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|Index||13 reviews in total|
A.C.A.B is a phrase I grew up with in the U.K in the early eighties and
was often seen tattooed on the fingers, necks and one time forehead of
skinheads. I was intrigued to see it being used in Italy, that drew me
to see the film.
A.C.A.B the film centers on the exploits of small group of riot police in Rome.I found it to be very well paced, realistic though budgetary constraints made the riot scenes seem a little under populated. The characters were well developed and the action scenes well directed.
There was a lot of racism in the film and the direction is kind of ambivalent about it.
To conclude I would urge you to watch this film and form you own opinion.
ACAP is a raw and honest attempt at showing the ignored lives of riot
cops, at least their personal lives and internal issues are seldom
spoken of! Shot and narrated in a Documentary style, it gives the movie
a gritty reality, well complemented by some good performances from the
cast. The background score does add value to the drama, the ending
Italian being an alien language, I had to keep my eye on subtitles as well, which did mar my movie experience - I did watch it a second time without subtitles. I had to make a thorough study on the whole plot, the immigration issues and the hatredness for cops - it was all new to me. And once i got the hang of the issues being discussed, I really did love the movie, yea it might not be the the action thriller or biopic thriller the global audience would go after, but it deserves to be in the Global panorama, for the rawness and gruesome reality it shows, obviously the technical side should take a bow for making an outstanding movie product. 7.5/10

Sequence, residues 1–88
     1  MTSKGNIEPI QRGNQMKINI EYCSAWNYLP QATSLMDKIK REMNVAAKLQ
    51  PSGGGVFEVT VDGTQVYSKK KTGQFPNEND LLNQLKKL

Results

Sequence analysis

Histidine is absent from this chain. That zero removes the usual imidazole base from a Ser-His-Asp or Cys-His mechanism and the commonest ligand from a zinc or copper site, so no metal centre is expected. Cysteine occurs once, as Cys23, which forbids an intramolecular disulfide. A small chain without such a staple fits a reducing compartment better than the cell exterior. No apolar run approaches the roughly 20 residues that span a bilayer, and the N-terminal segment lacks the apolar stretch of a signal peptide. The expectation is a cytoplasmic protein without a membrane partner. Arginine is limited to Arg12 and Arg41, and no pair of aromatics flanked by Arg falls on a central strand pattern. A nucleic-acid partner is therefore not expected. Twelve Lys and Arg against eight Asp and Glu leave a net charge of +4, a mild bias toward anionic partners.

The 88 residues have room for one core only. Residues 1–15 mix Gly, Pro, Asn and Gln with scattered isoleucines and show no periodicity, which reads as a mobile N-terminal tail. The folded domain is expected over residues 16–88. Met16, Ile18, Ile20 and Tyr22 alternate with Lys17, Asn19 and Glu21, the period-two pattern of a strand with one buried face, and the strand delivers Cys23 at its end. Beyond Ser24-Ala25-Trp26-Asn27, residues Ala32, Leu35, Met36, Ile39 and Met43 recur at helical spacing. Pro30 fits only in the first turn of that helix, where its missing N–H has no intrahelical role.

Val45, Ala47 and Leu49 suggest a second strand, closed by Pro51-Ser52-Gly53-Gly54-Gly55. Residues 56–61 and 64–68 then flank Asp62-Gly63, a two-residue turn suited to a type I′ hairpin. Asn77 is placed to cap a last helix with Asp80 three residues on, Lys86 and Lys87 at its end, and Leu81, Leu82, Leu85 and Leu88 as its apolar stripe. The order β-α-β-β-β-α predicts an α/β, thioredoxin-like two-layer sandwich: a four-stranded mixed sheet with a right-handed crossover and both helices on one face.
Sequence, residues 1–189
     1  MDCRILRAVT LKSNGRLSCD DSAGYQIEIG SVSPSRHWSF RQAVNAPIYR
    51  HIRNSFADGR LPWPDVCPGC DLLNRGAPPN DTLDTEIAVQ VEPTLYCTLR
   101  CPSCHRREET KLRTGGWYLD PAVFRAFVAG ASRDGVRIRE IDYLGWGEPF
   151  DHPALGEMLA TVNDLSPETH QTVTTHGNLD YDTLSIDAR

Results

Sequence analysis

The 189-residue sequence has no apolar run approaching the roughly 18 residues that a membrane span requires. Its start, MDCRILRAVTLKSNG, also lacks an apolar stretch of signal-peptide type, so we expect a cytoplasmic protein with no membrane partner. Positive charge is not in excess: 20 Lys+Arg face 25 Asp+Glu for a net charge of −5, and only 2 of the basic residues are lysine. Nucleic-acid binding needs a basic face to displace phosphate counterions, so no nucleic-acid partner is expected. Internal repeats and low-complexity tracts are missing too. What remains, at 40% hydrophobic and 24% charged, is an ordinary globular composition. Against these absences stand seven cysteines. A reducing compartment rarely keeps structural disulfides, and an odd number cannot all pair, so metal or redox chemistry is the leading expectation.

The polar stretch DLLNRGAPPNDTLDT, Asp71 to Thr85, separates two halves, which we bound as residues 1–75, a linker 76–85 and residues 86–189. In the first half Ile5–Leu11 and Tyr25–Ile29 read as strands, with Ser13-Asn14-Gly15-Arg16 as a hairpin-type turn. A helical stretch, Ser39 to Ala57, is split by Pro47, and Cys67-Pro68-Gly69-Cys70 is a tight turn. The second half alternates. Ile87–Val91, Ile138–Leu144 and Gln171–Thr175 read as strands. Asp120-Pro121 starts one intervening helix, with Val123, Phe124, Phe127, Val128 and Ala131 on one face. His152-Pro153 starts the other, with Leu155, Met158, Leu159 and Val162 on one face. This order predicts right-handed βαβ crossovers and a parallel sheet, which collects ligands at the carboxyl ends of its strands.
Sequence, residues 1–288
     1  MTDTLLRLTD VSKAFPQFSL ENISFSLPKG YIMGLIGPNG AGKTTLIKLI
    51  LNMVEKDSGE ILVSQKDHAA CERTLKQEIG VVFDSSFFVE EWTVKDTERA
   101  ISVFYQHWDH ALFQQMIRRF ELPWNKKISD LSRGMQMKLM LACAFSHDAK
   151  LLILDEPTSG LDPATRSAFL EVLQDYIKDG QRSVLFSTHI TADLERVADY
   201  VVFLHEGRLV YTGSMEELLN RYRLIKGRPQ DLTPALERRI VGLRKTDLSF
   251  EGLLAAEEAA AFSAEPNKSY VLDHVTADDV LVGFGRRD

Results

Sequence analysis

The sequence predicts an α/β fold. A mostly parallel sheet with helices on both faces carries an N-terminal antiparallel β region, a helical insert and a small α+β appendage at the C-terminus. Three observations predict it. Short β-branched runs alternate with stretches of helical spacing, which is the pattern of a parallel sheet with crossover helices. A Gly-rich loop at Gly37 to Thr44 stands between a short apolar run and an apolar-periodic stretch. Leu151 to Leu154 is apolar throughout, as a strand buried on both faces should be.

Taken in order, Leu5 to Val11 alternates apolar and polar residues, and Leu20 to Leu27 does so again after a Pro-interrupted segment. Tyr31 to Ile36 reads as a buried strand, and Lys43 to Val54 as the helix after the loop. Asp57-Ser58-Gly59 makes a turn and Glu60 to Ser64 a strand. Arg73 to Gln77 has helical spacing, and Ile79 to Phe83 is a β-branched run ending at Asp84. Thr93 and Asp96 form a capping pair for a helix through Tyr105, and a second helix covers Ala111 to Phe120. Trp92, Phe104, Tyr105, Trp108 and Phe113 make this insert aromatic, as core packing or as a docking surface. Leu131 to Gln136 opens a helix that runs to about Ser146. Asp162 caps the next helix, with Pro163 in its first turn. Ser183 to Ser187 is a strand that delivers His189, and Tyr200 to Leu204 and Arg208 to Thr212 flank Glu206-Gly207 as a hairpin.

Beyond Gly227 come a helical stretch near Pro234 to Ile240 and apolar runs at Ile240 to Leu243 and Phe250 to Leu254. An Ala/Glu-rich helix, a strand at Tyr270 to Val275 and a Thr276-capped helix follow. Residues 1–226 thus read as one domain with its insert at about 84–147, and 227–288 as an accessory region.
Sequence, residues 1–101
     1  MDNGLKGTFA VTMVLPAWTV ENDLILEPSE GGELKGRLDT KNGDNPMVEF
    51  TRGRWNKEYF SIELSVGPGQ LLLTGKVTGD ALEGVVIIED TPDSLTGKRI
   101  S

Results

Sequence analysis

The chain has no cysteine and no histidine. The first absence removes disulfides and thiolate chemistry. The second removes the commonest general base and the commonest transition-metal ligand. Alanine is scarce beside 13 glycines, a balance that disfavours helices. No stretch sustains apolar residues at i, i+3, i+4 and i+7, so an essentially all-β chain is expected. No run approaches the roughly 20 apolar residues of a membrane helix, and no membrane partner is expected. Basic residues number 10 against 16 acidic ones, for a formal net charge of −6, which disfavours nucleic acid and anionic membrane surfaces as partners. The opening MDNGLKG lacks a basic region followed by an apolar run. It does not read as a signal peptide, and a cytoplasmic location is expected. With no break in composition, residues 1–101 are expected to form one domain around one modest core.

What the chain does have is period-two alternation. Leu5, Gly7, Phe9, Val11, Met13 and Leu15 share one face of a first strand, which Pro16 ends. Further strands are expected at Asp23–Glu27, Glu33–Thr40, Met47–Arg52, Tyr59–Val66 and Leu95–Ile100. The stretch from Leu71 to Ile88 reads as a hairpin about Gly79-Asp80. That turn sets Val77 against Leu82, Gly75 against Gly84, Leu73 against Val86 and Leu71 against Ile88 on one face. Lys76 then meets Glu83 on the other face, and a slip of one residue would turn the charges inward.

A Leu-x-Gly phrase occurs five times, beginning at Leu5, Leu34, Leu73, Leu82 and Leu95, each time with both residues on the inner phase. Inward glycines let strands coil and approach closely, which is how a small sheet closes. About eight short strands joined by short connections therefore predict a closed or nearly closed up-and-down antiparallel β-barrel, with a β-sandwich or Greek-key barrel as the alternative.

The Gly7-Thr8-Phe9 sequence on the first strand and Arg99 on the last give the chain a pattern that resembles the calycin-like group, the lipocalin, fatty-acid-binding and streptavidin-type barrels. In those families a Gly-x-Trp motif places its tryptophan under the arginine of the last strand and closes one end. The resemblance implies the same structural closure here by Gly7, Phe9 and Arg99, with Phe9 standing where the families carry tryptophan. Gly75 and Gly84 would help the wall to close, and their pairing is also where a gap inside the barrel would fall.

The movie was an excellent insight of the Italian riot police
("celere"), through the everyday lives of 4 policemen. During the whole
movie the tension is always high and it's been for me one of the rare
cases where I never, at any point, took the part of the protagonists.
Who are, as the title says, literally mean bastards. Despite that, it's
a very powerful and emotional movie that reflects how the Italian
society has degraded in the last decades (racism, violence,
intolerance, corruption, etc)
The use of the photography and the music (great soundtrack!) is always well placed, adding more depth to many scenes. The movie is loosely based on the book with the same name, which is a reportage of a journalist based on true stories heard from real policemen.